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Book Review


Jack Goldstone, Why Europe? The Rise of the West in World History, 1500-1850. Boston, MA: McGraw Hill, 2009. Pp. viii + 184, 33.75


     Every single explanation for the rise of the West in world history is wrong—every single explanation. Jack Goldstone argues in Why Europe? that the rise of the West was contingent upon a combination of six factors, and not on one single factor, such as the Protestant work ethic, geography, colonization or exploitation of the working class. This combination of factors enabled Europe, that portion of the world that was relatively backward by the 16th century when compared to Asia and the Middle East, to suddenly make the quantum leap that enabled it to dominate a majority of the world and its people by 1850.

     According to Goldstone the key to the rise of the West was the Industrial Revolution, hardly a new and revolutionary argument. He does, however, address the more interesting question of "why didn't the Industrial Revolution start in China, India, the Middle East or Africa?" In other words, "Why Europe?" It happened in Europe, according to Goldstone, due to six factors that either built on or were directly related to one another. First, the age of exploration produced discoveries shocking enough for Europeans to throw off traditional or religious standards of knowledge. This is where Europe's backwardness actually proved to be advantageous. Asia and the Middle East had accepted newer and more correct ideas than those proposed by Greece and Rome, thus discoveries that were earth shattering in Europe were merely interesting in the East. By learning that the Greeks and Romans were drastically wrong about the continents, the heavens, and the motion of the earth, Europeans were willing to seek out new explanations for the world around them, leading to the Goldstone's second factor—Europeans looked to science and mathematics to explain the natural world. In other cultures, mathematics was employed only for accountancy, architecture and record keeping, but not to analyze natural phenomena. For that, other cultures relied on religious doctrine or cultural tradition. By trying to explain nature through math, Europeans followed a course of scientific inquiry much different than that of Asia.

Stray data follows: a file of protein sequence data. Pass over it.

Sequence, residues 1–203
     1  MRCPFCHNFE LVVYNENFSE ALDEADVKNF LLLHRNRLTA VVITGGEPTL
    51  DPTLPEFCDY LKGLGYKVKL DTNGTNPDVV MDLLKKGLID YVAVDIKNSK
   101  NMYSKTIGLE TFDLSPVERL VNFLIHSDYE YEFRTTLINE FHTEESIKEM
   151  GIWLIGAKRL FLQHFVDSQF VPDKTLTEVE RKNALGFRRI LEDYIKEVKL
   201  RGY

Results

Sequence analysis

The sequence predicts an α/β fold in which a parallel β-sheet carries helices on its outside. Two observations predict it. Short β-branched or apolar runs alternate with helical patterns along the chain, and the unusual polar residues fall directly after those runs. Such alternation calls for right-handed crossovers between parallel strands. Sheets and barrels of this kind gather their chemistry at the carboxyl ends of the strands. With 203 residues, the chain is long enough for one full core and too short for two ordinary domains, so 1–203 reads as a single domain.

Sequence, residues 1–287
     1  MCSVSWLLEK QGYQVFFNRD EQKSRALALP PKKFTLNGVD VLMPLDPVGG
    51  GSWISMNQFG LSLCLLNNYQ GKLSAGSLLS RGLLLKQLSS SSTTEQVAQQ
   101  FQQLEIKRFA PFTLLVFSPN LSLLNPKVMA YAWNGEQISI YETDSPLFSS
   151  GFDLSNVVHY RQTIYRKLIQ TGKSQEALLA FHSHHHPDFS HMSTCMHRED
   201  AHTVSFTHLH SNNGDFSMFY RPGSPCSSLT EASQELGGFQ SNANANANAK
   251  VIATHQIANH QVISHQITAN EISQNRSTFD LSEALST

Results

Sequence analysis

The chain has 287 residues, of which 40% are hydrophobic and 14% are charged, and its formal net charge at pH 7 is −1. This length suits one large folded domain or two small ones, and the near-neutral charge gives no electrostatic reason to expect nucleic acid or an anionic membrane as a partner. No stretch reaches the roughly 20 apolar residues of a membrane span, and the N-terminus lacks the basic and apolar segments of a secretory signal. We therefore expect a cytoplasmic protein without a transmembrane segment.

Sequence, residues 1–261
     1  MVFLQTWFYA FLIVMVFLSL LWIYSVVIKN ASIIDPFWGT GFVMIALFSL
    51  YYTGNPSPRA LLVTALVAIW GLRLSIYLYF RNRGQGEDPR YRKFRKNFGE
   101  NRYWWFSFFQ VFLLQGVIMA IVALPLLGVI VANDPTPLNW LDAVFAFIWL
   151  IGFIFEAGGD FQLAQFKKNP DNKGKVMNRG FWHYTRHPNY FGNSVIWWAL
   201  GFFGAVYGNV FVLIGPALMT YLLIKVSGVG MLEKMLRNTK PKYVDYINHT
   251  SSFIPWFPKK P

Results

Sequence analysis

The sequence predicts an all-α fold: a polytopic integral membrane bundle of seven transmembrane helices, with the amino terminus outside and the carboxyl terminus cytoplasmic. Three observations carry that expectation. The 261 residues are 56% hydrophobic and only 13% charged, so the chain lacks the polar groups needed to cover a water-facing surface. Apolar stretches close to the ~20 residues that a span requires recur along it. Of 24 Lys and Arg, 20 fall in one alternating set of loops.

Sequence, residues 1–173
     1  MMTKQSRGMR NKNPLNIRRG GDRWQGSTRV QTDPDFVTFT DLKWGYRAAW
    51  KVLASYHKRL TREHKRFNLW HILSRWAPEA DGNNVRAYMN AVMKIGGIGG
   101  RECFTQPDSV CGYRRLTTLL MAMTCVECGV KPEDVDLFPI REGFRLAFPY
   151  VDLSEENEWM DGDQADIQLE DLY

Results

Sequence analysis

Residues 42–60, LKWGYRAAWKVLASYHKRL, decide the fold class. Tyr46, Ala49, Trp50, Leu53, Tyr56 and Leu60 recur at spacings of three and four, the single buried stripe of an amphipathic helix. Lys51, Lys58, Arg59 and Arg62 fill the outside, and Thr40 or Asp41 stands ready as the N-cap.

Third, because of the desire to explain nature empirically, European scientists, particularly those in Britain, explored the natural world through physical experimentation and analysis, not just through an appeal to logic and reason. This is where Goldstone narrows his explanation as to why the Industrial Revolution started in England, rather than another of Europe's major nations. On the continent, thanks to Descartes, the power of reason and the human mind was considered sufficient to deduce the answer to all questions, rejecting experimentation and observation as flawed and therefore useless, whereas in England, men like Bacon and Newton wanted empirical data. By favoring physical experimentation and the scientific method over deduction and logic, England was able to tease out the practical while the continent swam in an ocean of theories. Fourth, the English scientists' hunger for empirical data drove the production of new instruments, machines and technologies, which in turn led to further refinement of those instruments, and the development of new ones, essentially stacking invention upon invention and leading to the quintessential contraption of the Industrial Revolution: the steam engine.

     Fifth, there existed in England an atmosphere of social, political, religious and intellectual tolerance. Cultures that stymied "thinking outside the box" in any way, shape or form harmed their ability to foster innovation. Thus the shock value of the age of discovery (factor 1) paid exponential dividends later on. Finally, support for ideas is not enough. A culture must provide support for entrepreneurs, craftsmen, engineers and scientists, lest the brilliant ideas and innovations remain nothing more than ideas. In England, those with the ideas were encouraged to work with those that had the resources, leading to the development of new machines and new ideas, meaning that the process began all over again, but at a faster pace.